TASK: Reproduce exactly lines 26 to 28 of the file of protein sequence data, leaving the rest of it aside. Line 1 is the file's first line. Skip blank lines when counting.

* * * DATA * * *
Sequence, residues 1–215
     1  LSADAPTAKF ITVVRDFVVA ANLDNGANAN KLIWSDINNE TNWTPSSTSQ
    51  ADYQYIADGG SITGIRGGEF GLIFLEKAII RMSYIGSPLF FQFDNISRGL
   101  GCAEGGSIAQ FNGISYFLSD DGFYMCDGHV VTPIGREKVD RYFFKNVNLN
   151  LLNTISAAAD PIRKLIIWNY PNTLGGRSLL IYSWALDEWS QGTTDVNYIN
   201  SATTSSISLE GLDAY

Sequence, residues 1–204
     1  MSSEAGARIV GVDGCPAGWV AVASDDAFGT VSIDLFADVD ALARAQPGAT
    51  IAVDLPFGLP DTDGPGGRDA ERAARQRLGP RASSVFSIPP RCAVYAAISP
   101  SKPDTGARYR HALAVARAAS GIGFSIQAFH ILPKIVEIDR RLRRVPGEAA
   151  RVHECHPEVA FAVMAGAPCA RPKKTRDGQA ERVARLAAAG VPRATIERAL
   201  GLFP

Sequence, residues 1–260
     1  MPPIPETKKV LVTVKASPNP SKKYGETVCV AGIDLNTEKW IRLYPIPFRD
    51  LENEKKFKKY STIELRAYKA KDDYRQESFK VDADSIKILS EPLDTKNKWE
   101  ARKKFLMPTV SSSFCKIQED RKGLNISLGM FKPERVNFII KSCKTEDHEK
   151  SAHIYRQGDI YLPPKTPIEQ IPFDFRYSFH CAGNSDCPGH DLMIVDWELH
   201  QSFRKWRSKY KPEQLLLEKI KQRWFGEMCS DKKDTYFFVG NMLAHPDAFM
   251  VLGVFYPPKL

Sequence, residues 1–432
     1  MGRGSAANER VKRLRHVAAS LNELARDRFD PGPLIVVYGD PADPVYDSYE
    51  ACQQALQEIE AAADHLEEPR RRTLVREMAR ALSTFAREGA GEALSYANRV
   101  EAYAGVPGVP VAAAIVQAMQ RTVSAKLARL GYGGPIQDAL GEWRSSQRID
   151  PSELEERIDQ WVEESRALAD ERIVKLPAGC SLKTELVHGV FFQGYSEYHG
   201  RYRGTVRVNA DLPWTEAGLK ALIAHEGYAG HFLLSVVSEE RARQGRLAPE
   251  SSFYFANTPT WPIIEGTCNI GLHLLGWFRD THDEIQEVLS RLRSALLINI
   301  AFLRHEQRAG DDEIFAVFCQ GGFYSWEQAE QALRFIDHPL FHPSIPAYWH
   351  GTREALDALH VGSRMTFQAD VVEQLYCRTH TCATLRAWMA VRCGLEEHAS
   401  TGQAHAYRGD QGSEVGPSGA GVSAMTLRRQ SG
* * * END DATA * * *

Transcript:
   251  SSFYFANTPT WPIIEGTCNI GLHLLGWFRD THDEIQEVLS RLRSALLINI
   301  AFLRHEQRAG DDEIFAVFCQ GGFYSWEQAE QALRFIDHPL FHPSIPAYWH
   351  GTREALDALH VGSRMTFQAD VVEQLYCRTH TCATLRAWMA VRCGLEEHAS